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Does the Web really spread sales?

In response to the May 21 Perspectives column by Evan Hansen, "Steve Jobs' half note":

You wrote:
"Currently, a mere 2 percent of releases account for 80 percent of music industry sales. Online distribution could help rebalance that ratio, building careers for hundreds of artists who now linger in obscurity, and drawing in millions of new fans bored and alienated by the industry's star-making machinery."

I am amazed that so much of the sales come from so few releases. But given that fact, I wonder why you believe that some kind of online distribution could spread that number out so that say, 80 percent of the sales came from 20 percent of the releases. Is there any evidence to support such a change?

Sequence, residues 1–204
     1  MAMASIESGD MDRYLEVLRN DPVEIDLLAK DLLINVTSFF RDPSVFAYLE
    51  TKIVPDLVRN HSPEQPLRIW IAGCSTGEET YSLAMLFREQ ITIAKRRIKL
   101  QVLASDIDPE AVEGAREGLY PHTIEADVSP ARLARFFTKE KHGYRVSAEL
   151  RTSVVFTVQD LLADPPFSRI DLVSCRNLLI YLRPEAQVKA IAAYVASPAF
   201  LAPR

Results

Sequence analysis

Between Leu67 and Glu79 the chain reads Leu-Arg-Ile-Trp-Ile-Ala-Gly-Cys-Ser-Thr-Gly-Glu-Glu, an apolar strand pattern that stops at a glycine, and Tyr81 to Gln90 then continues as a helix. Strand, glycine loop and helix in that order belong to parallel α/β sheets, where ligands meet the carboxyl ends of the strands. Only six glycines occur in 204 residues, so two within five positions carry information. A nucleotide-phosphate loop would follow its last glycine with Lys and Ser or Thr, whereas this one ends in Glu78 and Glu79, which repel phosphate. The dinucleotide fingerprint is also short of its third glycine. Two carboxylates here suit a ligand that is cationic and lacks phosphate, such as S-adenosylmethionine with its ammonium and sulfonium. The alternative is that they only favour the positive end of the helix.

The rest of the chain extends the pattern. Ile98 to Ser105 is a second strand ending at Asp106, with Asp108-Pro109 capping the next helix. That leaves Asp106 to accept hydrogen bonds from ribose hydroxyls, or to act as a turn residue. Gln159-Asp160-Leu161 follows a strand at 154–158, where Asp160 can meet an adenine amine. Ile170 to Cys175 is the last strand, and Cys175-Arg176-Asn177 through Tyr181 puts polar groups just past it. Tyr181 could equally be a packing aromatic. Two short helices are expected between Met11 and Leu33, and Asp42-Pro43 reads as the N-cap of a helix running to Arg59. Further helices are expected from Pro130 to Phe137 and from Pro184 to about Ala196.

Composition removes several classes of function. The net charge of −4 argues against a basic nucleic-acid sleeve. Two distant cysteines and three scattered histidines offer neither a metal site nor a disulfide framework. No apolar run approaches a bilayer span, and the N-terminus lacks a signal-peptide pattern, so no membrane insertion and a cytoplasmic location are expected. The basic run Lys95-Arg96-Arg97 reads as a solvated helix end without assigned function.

It would seem to me more reasonable to assume, even with the greater access to an audience afforded by online distribution, that the industry sales would still remain highly concentrated.

You raise Amazon.com, which might be a good analogy. (Though I would bet that book sales are less concentrated than music.) Still, it would be interesting to see what Amazon's sales distribution looks like. I would bet that the vast majority of its sales come from the same best sellers that comprise the bulk of the sales at brick-and-mortar rivals such as Barnes and Noble.

Rick Mandler
New York

 

 

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